Southwold: Former police chief Lord Condon’s pledge on ship-to-ship oil transfers
A FORMER Commissioner of the Metropolitan Police has pledged to ensure that ministers are held to account over ship-to-ship oil transfers taking place off the Suffolk coast.
Lord Condon, who was Britain’s top police officer from 1993 to 2000, said he will monitor the controversial practice, which is set to be restricted to waters off Southwold from April.
The peer, who has been visiting the Suffolk coast for 40 years and has a holiday home in the area, has been asking questions in the House of Lords about why the Sole Bay area was selected for the oil transfers to take place and the level of emergency planning in the event of a spillage.
“I have a keen interest in environmental issues and friends and neighbours of mine had become increasingly concerned over whether there was adequate consultation prior to this decision,” said Lord Condon, who is Deputy Lord Lieutenant of Kent.
“I have also asked about emergency planning and I have been partially reassured by the Government’s responses, but I will certainly continue to monitor these issues.”
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Lord Condon, who sits in the House of Lords as an independent member, said: “I have a great love of the Suffolk coast but this is not a NIMBY and I’m not saying ‘this shouldn’t happen because I live in Suffolk’.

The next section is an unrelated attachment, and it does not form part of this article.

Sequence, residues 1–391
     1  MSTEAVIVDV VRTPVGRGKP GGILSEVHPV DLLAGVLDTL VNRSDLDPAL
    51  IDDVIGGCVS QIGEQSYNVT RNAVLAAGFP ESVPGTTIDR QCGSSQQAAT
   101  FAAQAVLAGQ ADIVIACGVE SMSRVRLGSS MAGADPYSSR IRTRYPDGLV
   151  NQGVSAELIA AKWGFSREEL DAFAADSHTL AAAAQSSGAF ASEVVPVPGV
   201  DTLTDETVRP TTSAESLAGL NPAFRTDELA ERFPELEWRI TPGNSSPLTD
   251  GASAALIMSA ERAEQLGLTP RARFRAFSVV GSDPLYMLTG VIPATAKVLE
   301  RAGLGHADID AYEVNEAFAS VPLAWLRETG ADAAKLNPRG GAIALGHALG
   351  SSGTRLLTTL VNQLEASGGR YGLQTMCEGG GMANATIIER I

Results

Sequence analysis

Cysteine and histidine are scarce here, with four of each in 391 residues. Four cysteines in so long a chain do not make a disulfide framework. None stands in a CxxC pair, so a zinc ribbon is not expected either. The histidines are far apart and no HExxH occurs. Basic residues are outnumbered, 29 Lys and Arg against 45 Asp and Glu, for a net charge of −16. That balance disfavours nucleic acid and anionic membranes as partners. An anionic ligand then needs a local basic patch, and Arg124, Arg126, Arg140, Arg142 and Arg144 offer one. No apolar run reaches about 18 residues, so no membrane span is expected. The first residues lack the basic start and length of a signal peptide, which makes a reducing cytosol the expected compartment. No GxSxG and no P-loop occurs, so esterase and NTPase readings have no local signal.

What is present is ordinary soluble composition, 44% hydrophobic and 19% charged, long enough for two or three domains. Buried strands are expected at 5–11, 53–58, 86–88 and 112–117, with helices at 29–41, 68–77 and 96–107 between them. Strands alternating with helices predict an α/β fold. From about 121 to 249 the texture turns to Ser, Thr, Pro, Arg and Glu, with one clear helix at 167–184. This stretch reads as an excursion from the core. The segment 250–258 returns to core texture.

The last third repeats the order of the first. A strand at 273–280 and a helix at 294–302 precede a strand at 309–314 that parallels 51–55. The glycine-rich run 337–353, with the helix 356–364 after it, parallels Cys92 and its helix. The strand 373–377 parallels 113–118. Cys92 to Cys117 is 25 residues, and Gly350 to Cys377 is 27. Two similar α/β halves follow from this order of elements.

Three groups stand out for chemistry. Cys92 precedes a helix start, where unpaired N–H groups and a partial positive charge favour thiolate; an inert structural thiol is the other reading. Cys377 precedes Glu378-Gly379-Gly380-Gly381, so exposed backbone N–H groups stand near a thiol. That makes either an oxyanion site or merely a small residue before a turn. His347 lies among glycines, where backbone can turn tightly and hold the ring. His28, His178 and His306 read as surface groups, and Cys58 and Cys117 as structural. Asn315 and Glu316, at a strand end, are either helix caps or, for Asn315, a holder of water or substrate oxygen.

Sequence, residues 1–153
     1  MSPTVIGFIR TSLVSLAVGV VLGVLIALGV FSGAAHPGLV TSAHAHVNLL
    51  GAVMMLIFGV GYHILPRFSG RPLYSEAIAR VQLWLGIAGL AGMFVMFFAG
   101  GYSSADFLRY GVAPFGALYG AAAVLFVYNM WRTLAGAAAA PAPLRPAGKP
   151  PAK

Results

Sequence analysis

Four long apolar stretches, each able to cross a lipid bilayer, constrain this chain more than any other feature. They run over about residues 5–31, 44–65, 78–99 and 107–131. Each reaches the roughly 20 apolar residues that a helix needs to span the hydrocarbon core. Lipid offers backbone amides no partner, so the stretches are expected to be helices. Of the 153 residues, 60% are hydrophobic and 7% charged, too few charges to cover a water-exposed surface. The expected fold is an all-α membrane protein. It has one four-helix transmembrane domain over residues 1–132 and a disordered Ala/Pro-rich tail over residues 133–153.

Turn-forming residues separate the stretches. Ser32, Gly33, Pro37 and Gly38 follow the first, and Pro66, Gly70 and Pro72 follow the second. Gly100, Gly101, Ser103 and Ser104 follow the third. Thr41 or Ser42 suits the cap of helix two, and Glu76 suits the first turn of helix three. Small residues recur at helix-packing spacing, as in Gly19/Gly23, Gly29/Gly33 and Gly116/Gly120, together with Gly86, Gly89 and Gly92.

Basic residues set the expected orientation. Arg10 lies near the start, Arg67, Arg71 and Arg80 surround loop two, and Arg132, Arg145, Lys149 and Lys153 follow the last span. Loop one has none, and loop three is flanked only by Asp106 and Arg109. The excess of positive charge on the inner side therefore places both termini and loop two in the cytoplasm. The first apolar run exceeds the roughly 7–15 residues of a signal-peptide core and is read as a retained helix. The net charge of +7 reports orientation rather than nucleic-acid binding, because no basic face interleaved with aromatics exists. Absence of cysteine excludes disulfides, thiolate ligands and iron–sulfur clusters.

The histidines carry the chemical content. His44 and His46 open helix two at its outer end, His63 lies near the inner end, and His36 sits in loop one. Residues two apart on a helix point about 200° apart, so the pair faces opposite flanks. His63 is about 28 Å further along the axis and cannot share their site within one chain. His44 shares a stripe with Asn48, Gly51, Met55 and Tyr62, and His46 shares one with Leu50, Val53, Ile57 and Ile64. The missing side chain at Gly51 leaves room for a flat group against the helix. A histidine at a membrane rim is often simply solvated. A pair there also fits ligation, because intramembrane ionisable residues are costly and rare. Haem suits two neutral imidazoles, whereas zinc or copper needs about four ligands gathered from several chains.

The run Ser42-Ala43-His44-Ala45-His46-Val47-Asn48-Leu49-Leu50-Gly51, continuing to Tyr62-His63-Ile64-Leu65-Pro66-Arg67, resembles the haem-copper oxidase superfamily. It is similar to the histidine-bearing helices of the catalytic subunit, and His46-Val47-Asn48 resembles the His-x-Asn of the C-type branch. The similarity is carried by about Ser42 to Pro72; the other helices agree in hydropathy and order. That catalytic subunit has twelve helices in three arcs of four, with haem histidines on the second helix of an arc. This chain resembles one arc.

“There are broader concerns about why this is taking place here and how it is going to be monitored. It is not a clear-cut issue and there athe arguments are fairly balanced. In an ideal world, we wouldn’t want this to happen anywhere but I appreciate there is a need for it to take place.
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“I will continue to tease out why ship-to-ship transfers were restricted to Southwold, who has been consulted, what are the benefits and the disadvantages and what emergency planning has been made.”
The Government is carrying out a public consultation into the oil transfers, which ends on March 10.
The area off Sole Bay is used by small tankers bringing oil from Russia to transfer to larger vessels unable to negotiate the Baltic Sea.
People in Southwold have raised fears about the practice and hundreds have signed a petition against the move. They fear the tankers could have an adverse impact on tourism while an oil spill would devastate the coast.